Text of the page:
“In 2015, I am going fishing,” Castille said.

Castille's short final term will waste resources by requiring a gubernatorial appointment, a Senate confirmation hearing, a Senate vote and an election for a new justice in November 2015, Epstein said.

“It's certainly (Castille's) constitutional right to do that,” Baldino said. “He may be looking at this as a way to have his career validated. He strikes me as a man very proud of his accomplishments.”

“The ‘validation' is obvious,” Castille said. “I was rated 100 percent disabled. I chose not to lie down but to pursue a career in public service.”

No quid pro quo

As for Castille's getting $50,000 from one group, Tim Potts, a citizens' activist working with Epstein to defeat Castille, said the trial lawyers “certainly expect something in return.”

Castille said he has “never provided any special consideration to anyone based on campaign contributions.”

Nancy Winkler, president of the Philadelphia Trial Lawyers Association, said the group's political action committee met and decided to contribute $50,000 each to Castille and Justice Max Baer, a Mt. Lebanon Democrat seeking retention.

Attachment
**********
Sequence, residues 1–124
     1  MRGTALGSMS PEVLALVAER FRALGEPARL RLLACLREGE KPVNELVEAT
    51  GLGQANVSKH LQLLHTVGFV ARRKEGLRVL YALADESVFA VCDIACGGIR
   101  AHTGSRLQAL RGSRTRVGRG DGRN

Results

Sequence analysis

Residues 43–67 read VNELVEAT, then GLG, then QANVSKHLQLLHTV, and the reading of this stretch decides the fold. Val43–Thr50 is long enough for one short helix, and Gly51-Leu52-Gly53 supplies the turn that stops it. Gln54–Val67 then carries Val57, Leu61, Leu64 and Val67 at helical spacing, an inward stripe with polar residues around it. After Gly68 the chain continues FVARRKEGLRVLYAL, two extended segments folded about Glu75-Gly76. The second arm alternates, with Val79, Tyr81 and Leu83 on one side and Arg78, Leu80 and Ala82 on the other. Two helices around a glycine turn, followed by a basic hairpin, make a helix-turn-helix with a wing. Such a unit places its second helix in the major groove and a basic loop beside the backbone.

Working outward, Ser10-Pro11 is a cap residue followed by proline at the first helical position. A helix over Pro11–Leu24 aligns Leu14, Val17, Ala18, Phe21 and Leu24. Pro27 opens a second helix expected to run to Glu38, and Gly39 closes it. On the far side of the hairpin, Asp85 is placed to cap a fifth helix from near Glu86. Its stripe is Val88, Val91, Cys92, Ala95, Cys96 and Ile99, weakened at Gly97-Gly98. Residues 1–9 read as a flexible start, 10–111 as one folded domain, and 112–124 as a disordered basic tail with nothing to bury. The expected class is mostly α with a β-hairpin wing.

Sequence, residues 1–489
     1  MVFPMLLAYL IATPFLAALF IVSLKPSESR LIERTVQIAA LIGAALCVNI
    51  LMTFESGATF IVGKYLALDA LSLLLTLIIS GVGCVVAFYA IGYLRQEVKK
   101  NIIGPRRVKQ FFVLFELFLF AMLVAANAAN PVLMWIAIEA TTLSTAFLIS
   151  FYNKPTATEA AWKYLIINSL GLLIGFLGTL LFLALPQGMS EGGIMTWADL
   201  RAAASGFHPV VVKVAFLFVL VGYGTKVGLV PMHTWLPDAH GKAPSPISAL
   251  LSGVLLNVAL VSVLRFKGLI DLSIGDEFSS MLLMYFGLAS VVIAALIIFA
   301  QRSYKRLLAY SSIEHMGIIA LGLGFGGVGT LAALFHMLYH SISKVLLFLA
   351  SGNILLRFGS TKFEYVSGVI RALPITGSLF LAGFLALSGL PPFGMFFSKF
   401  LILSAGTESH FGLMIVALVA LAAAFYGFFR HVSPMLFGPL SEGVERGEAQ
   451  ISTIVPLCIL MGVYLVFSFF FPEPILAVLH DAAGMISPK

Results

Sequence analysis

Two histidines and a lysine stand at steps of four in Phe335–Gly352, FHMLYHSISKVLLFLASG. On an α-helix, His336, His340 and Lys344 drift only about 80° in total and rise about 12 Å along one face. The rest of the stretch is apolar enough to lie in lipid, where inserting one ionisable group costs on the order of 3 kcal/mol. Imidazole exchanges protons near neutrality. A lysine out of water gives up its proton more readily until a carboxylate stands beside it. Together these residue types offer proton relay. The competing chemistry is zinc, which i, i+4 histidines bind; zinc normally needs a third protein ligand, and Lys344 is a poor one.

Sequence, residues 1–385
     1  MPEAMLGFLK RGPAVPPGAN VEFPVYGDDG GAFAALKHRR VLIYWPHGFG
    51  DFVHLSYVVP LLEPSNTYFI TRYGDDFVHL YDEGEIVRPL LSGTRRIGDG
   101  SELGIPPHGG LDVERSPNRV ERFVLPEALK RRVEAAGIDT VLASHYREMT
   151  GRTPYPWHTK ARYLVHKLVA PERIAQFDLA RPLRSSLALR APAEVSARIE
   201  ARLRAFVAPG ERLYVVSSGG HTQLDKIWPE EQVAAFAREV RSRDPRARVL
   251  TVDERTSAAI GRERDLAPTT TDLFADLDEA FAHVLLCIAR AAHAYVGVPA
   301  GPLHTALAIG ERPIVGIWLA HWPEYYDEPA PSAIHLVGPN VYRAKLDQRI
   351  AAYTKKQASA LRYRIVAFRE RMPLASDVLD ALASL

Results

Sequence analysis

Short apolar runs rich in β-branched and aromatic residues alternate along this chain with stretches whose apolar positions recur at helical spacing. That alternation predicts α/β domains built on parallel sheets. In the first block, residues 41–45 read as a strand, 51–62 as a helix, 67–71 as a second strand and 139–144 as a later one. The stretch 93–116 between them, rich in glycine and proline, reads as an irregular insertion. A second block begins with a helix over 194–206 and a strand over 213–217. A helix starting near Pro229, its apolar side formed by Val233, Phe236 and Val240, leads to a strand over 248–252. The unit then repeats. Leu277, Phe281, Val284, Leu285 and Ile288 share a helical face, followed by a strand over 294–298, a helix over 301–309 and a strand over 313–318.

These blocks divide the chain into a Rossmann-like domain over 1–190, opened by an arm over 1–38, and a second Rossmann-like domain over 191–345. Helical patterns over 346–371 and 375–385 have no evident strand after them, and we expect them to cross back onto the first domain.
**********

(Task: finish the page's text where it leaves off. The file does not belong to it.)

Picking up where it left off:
Baer, 66, who earns $199,606, will be able to serve at least four of the 10 years he's seeking before he reaches the mandatory retirement age.

Both justices “have a long record of supporting the civil justice system and equal access for our clients,” Winkler said. The donations are not an attempt to curry favor with the judges, she said.

“They do not (get anything in return),” Baer said, “and they know that.”

“I think if you ask any judge or lawyer in Pennsylvania, they'll say I've done a very good job on the court,” Baer said.“I have not heard anyone say, ‘You can only serve four years; you shouldn't run.' ”

Under state law, any money justices have left from a campaign can be used for another campaign of their own, a contribution to the party or pro rata returns to contributors, said Lynn Marks, executive director of Pennsylvanians for Modern Courts, a judicial watchdog group.

Brian Bowling contributed to this report. Brad Bumsted is state Capitol reporter for the Tribune-Review. He can be reached at 717-787-1405 or bbumsted@tribweb.com.